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Tuesday, May 10, 2011

NYC'S HOUSTON STREET--A GUSTATORY TREAT

Katz's deli
 
Where Harry Met SallyI’ve written a number of times about these great delis in NYC: Carnegie, Stage, Ben’s---but the best by far is Katz’s down on Houston Street.  I am usually there WITHOUT my camera so I couldn't share the ambiance, or lack thereof, of this marvelous New York staple where Harry Met Sally and a Katz's patron ordered “what she had.”  This time I had my camera, and the video clip from the movie is down below.



How famous is Katz’s?  Google just the name, and you will see that the world recognizes this as THE Katz’s.  And it has been that way since 1888. 
Katz's deli
This is not a movie set!

Since WWII, Katz’s has been sending dried salamis to the military, and there is a big sign “Send a salami to your boy in the army.”  Michael’s cousins have done it and so have we. Their website has a link for that special APO/FPO package.
send a salami sign

Years ago when Rob first introduced me to Katz’s, I looked up this restaurant in The Underground Gourmet.  It said its cleanliness was “negligible,” if I remember correctly.  I don’t think the place has been updated ever, and that’s part of the charm.  I can’t say if The Underground Gourmet was right, but I wouldn’t hesitate going in there for a moment.

Some things have changed, however.  At one time the waiters (wait service occurs at the tables along the wall while the rest is get-on-line and order) were the surliest old men you can imagine.  Heaven help you if you brought your own sandwich to one of their tables.  Those guys are gone now, but the new crop retains the surliness.  Ah…tradition.

The walls of Katz’s are lined with photos of the rich and famous who can’t resist the most delicious of deli sandwiches. 

Dried salamis hang in the window, and if you come in at lunchtime, the lines are long.
hanging salami   You get on line, wait your turn, order your sandwich, and the deli-guy cuts off a slice for you, plops it on a plate, and you get to savor that first delicious bite!  With your fingers--and then you lick them!  You can order “lean,” but why ruin the sandwich?  On your sandwich plate are sour and half-sour pickles and pickled tomatoes.  No way will you leave hungry.  Want a Doctor Brown’s soda to go with it?  Think you can handle a heap of fries?  Or a knish?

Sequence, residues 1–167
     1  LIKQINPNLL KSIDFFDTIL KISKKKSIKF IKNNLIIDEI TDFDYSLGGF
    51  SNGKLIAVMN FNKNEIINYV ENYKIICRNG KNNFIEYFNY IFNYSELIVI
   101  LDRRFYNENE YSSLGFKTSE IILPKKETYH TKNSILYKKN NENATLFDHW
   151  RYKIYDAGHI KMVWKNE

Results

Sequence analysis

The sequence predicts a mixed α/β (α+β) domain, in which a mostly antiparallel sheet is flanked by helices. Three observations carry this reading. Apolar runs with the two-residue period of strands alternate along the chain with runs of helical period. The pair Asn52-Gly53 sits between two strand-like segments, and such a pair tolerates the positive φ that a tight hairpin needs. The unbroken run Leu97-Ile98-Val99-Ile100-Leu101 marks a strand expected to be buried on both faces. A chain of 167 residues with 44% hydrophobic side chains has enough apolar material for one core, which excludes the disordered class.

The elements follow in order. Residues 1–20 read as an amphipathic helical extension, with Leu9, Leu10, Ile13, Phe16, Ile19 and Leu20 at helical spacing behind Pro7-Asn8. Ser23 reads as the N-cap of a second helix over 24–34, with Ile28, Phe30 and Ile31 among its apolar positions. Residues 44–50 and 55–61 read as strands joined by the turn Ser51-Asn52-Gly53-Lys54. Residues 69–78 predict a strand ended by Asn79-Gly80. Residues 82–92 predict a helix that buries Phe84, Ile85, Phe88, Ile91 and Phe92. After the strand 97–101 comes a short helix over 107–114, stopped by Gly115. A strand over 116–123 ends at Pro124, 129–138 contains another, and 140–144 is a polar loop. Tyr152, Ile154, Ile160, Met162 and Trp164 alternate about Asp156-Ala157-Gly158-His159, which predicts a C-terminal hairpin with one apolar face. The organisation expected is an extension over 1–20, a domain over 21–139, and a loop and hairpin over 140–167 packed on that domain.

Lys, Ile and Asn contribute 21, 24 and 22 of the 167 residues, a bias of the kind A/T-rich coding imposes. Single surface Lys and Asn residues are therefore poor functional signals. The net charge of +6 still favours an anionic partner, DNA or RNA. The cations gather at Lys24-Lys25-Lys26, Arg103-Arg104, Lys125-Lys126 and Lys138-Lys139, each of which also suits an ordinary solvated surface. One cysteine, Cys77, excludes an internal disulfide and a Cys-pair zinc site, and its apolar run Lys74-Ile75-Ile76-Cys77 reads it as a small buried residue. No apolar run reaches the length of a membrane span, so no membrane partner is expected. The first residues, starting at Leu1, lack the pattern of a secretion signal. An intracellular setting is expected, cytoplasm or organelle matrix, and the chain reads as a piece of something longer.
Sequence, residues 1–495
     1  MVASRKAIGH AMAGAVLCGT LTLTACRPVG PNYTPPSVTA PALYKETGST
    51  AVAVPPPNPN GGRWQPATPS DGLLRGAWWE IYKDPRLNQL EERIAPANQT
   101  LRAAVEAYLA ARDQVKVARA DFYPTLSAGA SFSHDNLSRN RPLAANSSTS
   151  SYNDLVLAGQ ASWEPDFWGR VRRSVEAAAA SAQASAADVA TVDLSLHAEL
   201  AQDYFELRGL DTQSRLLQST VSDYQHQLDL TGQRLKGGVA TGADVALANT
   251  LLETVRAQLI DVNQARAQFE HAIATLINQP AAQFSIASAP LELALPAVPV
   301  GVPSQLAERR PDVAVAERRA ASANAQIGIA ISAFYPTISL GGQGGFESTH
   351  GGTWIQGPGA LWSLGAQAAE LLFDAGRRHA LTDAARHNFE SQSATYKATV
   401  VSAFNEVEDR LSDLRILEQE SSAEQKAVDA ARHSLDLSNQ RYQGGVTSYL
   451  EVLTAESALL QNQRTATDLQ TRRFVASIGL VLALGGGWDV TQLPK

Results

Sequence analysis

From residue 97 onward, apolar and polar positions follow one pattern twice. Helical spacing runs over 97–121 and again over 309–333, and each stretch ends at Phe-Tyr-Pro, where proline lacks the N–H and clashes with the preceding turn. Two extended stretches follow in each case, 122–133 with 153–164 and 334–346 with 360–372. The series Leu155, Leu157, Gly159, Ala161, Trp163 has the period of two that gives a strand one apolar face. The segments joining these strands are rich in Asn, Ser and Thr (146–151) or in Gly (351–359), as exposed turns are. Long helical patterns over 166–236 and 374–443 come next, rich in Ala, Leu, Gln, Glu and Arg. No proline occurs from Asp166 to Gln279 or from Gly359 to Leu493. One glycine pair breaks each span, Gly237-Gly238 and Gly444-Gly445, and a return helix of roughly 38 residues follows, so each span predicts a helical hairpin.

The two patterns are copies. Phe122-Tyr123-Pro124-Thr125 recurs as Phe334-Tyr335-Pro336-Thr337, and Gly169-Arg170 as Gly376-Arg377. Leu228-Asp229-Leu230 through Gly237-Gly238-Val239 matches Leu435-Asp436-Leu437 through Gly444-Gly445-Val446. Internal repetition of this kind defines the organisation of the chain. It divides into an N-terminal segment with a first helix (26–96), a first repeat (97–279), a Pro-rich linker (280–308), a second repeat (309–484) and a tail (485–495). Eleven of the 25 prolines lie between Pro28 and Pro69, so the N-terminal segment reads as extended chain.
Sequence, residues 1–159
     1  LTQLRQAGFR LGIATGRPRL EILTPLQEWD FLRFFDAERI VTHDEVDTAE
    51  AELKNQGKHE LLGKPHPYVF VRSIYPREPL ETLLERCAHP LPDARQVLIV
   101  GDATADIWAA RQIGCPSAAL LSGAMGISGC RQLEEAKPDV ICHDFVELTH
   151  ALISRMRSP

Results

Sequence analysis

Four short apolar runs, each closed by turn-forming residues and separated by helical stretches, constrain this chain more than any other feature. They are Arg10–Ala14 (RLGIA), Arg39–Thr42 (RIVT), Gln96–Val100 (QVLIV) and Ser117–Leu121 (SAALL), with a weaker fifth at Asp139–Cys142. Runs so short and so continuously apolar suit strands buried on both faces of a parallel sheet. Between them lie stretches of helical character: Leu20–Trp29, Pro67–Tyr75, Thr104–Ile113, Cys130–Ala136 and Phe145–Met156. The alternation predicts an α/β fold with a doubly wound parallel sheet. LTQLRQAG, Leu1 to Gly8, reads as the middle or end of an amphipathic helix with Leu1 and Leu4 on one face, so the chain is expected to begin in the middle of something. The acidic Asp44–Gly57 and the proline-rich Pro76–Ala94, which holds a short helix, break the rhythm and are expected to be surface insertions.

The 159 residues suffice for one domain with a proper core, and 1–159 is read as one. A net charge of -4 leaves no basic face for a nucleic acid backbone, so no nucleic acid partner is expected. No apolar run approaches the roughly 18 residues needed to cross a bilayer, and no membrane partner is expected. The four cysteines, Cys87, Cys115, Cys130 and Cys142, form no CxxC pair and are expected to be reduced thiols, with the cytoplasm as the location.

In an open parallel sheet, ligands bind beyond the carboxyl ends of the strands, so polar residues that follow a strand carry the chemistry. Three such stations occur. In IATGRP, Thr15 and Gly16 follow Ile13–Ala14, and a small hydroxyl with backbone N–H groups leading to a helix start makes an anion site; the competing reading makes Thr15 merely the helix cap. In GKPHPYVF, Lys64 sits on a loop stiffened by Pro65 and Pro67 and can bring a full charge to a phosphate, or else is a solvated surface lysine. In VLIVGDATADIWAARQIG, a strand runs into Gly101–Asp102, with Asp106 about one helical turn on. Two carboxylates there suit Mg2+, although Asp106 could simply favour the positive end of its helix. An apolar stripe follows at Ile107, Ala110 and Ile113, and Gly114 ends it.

There's a tip jar on the counter, and we make sure we add to it.  The taste and the sandwich are the extra special stuff you just don't get everywhere in the city.  Want some extra pickles?  Another tomato?  Just ask.

tip jar

Those sandwiches aren’t cheap.  A corned beef sandwich last week was $16.25, and a pastrami was $16.75.  Tongue is even more expensive. 

signs in Katz's deli
How's this price for an egg cream, a New York legendary drink or that lovely chili/pickle combo?
Of course there are other things on the menu, but we have our favorites.  Over the years I’ve had french fries piled a mile high, lots of hot dogs with mustard and sauerkraut,  knishes, franks to take home, little salamis to take home, and probably some other items, but for me the big choice is between corned beef and pastrami.  Rob and I sometimes split because this is a majorly tough decision.

But Houston Street should not be defined by Katz’s alone.


Houston Street is actually a treasure trove of ethnic food.  Right down the block is Russ and Daughters, one of the best appetizer stores I’ve ever had the gustatory pleasure to frequent.  For four generations, their herrings, white fish, smoked salmon (known as lox to me), halvah, caviar and much more mean putting a cooler in the car and loading up! New York Magazine named it the best place for bagels and lox. 
 
Here’s the Travel Channel’s Anthony Bourdain’s assessment: "Russ & Daughters occupies that rare and tiny place on the mountaintop reserved for those who are not just the oldest and the last — but also the best." 
- Anthony Bourdain


  No surprise.

A few stores down from Russ & Daughters is Yonah Shimmel’s Knish Bakery. 

 Yonah Shimmel KnishThe original Yonah Shimmel sold knishes from his pushcart beginning in 1890, and his store has been in its present location since 1910.  NYC politicians love to have their picture taken at this Lower East Side icon, and we knish connoisseurs just like to go there.  We take them back home with our Katz’s sandwich, some appetizing from Russ etc., and we heat them in the oven.  And smile.

If you want to eat in Yonah Shimmel’s be prepared to travel back in time.  There are a few other things on the menu, but you will grab your utensils from a glass on the table and sit at tables that probably date from the 1940s.  It is a treat to be in there where you can think about the regular people coming in for a warm piece of real comfort food.  The only thing is they warm the knishes in a microwave.  It’s much nicer to warm them in an oven.

The store is so important in the annals of New York City History that it has been the subject of many portraits, one of which hangs in the Museum of the City of New York.

This part of Houston Street is really delicious!  It’s a part of New York many people miss.  Don’t be one of them.
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